Among them, the applications for quasi-drugs containing new ingredients are subject to more stringent requirements, requiring submission of documents on the new ingredient's efficacy, safety, ingredient formulation, use purpose, etc.
Origin and Discovery Process, Application Situation at Abroad
1. Origin and Discovery Process
2. Application Situation at Abroad
3. Properties Comparison, or Comparison with Other Quasi Drugs
Physical and Chemical Properties, Testing Specification and
1. Chemical Constitutional Formula
2. Physical Constitutional Formula
3. Testing Specification and Testing Methods
1. Long-term Storage Testing
2. Stress Testing
3. Accelerated Testing
Safety Testing Reports
1. Single-dose Toxicity Study
2. Repeated-dose Toxicity Study
3. Genetic Toxicity Study
4. Carcinogenicity Study
5. Reproductive Toxicity Test
6. Local Irritation Test
7. Skin Sensitivity Test
8. Photo Safety Test
9. Absorption, Distribution, Metabolism and Excretion Tests
10. Human Patch Test
11. Long-term Dose (Safety) Test
Efficacy and Function Reports
1. Supporting Documentation of Efficacy and Function
2. Human Trial Reports
The registration duration for quasi-drugs with new additives is around one to two years while for quasi-drugs with new active ingredients is at least 5 years. For type 5, because the product formula has been approved by MHLW previously, if it goes well, the application time is generally half a year.
In addition, please note that there is also a hidden list of permitted ingredients for quasi-drugs in Japan, which is also known as the "List of Patented Quasi-drug Ingredients of Enterprises". The permitted ingredients on the list are separately applied by enterprises and approved by MHLW. Due to the protection of property rights, this list will not be open to the public and is controlled by MHLW. It is worth mentioning that the ingredients on the list are only allowed to be used by their applicants and are new ingredients for other enterprises.
The conditions for successful import or sale of quasi-drugs are:
The product itself shall complete application for "Marketing Approval" and obtain the approval from MHLW;
Additionally, "high risk" products also need to pass the GMP inspections conducted by PMDA.
The "Marketing License" is only for the sale of quasi-drugs. It cannot be used for manufacturing quasi-drugs. Manufacturers in Japan can submit the application to either MHLW or prefecture governments while importer can only submit to MHLW. The application form for importers requires company names and addresses of both importer and domestic marketing license holder.
To obtain the "Marketing License", enterprises need to arrange three different responsible persons: manufacture and sales responsible person, quality assurance responsible person, and safety management responsible person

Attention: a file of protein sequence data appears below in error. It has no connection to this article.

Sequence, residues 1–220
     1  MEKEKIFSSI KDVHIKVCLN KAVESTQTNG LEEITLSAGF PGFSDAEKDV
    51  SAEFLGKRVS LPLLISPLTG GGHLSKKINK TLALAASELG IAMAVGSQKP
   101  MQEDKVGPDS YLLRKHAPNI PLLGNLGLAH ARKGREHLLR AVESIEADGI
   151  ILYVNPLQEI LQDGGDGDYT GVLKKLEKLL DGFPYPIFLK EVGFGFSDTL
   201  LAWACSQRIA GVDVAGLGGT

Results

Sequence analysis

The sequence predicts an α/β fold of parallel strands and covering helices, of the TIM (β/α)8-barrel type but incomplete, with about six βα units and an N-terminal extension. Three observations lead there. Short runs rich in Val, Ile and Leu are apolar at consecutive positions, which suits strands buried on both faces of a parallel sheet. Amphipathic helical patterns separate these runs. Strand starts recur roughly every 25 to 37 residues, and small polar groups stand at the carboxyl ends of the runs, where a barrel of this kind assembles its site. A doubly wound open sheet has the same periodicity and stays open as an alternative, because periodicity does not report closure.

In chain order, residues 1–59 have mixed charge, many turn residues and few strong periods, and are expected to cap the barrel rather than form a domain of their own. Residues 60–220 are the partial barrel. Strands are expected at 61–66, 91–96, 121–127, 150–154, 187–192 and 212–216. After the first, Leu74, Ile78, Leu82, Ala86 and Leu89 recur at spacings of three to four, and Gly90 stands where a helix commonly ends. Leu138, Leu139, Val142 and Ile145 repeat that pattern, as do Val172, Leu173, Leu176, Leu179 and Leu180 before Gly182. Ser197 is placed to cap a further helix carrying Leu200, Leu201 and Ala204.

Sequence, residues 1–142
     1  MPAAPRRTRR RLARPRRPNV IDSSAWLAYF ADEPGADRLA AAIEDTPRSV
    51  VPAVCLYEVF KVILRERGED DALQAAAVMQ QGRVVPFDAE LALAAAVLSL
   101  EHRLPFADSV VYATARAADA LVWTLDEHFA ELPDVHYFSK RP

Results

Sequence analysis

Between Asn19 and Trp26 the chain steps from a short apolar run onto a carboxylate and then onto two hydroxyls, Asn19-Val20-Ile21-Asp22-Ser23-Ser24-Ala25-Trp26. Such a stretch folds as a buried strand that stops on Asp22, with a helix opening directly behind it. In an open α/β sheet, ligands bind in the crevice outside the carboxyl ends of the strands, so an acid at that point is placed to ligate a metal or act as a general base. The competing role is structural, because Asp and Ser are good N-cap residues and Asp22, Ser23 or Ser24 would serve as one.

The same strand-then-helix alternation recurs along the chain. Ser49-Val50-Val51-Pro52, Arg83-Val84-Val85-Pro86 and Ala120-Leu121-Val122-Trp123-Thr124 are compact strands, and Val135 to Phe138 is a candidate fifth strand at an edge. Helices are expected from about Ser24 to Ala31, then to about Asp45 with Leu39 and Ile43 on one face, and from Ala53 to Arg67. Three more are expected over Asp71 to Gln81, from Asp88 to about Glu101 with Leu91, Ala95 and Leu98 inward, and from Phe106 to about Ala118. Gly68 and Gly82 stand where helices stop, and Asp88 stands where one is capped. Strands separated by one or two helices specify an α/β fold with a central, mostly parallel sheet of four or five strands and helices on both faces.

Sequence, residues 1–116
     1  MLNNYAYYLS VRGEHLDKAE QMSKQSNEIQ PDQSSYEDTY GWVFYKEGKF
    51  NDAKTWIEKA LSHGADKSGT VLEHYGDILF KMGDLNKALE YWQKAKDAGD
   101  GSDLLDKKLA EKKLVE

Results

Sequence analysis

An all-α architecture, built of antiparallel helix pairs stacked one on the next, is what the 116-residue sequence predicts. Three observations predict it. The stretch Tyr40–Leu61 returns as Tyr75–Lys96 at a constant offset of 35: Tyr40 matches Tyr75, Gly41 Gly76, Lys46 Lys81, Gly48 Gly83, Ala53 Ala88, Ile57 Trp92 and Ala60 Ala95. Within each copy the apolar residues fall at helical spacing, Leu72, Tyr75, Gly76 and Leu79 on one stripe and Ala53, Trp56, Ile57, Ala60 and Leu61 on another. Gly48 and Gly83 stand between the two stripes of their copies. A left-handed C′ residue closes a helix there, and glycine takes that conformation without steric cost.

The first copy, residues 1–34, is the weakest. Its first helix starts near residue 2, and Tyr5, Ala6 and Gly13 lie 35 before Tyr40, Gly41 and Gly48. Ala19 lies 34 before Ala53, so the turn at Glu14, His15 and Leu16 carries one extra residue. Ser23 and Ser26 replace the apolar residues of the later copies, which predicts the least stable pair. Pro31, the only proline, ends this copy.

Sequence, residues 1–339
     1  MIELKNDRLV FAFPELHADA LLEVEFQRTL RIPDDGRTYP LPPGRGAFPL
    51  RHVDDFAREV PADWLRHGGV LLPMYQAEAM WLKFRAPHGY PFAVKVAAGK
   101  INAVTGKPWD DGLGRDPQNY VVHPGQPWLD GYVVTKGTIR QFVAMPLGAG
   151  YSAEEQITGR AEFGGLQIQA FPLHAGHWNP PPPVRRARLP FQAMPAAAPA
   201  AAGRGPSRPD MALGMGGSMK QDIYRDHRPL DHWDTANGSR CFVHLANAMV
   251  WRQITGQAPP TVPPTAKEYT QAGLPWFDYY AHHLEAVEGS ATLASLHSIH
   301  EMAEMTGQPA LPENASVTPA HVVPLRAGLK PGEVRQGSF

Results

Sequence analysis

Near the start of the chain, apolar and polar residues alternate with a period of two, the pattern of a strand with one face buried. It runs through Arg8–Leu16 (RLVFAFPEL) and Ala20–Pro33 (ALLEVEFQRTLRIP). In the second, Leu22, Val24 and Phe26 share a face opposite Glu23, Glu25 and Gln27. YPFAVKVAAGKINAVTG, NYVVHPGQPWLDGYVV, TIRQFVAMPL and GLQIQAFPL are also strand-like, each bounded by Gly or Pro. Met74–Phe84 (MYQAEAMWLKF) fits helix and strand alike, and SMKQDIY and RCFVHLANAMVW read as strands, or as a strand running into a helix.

In principle, Manufacture and Sales Responsible Person, Quality Assurance Responsible Person, and Safety Management Responsible Person need to work in the same place and not interfere with each other. However, one person is allowed to concurrently serve as "Manufacture and Sales Responsible Person, and Quality Assurance Responsible Person", or "Manufacture and Sales Responsible Person, and Safety Management Responsible Person", but it cannot assume the responsibilities of all three roles at the same time.
In addition to these staffing requirements, manufacturers and distributors of quasi-drugs must also comply with Good Quality Practice (GQP) and Good Vigilance Practice (GVP) to correctly conduct quality management operations and post-marketing safety management. The following are the procedures manuals required for GQP and GVP:
(Good Quality Practice)
· Registration of product delivery (including the criteria for delivery acceptance)
· Collection of information on the quality of products
· Recalling products from the market
· Document and record management
(Good Vigilance Practice)
· Collecting information relating to the safety of products provided by the competent authorities, professional organizations, manufacturers, retailers, consumers, researchers, etc.
· Analysis of the information obtained
· Determining corrective actions necessary (such as recall of products, amending package warning and precaution, etc.)
Table 5 GQP and GVP
4.2 Manufacturing License
The "Marketing License" is a necessary license for the manufacture of quasi-drugs. Manufacturer needs to obtain it before production.
· General manufacturing license
· Manufacturing license (for packaging, labeling, and storage, it cannot be used to manufacture quasi-drugs)
1) Pharmacist; or
2) Those who have completed a specialized course in pharmacy or chemistry at an old junior high school or high school or a school equivalent to or higher than this; or
3) Persons who have been engaged in quality control or post-marketing safety management of pharmaceuticals, quasi-drugs or cosmetics for three years or more after completing courses related to pharmacy or chemistry at an old junior high school or high school or a school equivalent to or higher than this.
*Notably, the responsible technical manger of the manufacturing plant for "quasi-drugs designated by the MHLW" must be a pharmacist.
Table 6 Classification and Necessary Conditions for Marketing License